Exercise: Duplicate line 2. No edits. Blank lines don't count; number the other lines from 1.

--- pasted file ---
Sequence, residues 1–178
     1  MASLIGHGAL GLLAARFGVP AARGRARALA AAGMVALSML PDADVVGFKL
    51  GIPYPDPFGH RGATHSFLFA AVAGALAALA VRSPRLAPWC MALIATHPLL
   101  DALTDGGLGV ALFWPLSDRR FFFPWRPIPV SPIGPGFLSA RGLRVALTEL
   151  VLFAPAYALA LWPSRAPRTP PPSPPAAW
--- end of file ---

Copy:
     1  MASLIGHGAL GLLAARFGVP AARGRARALA AAGMVALSML PDADVVGFKL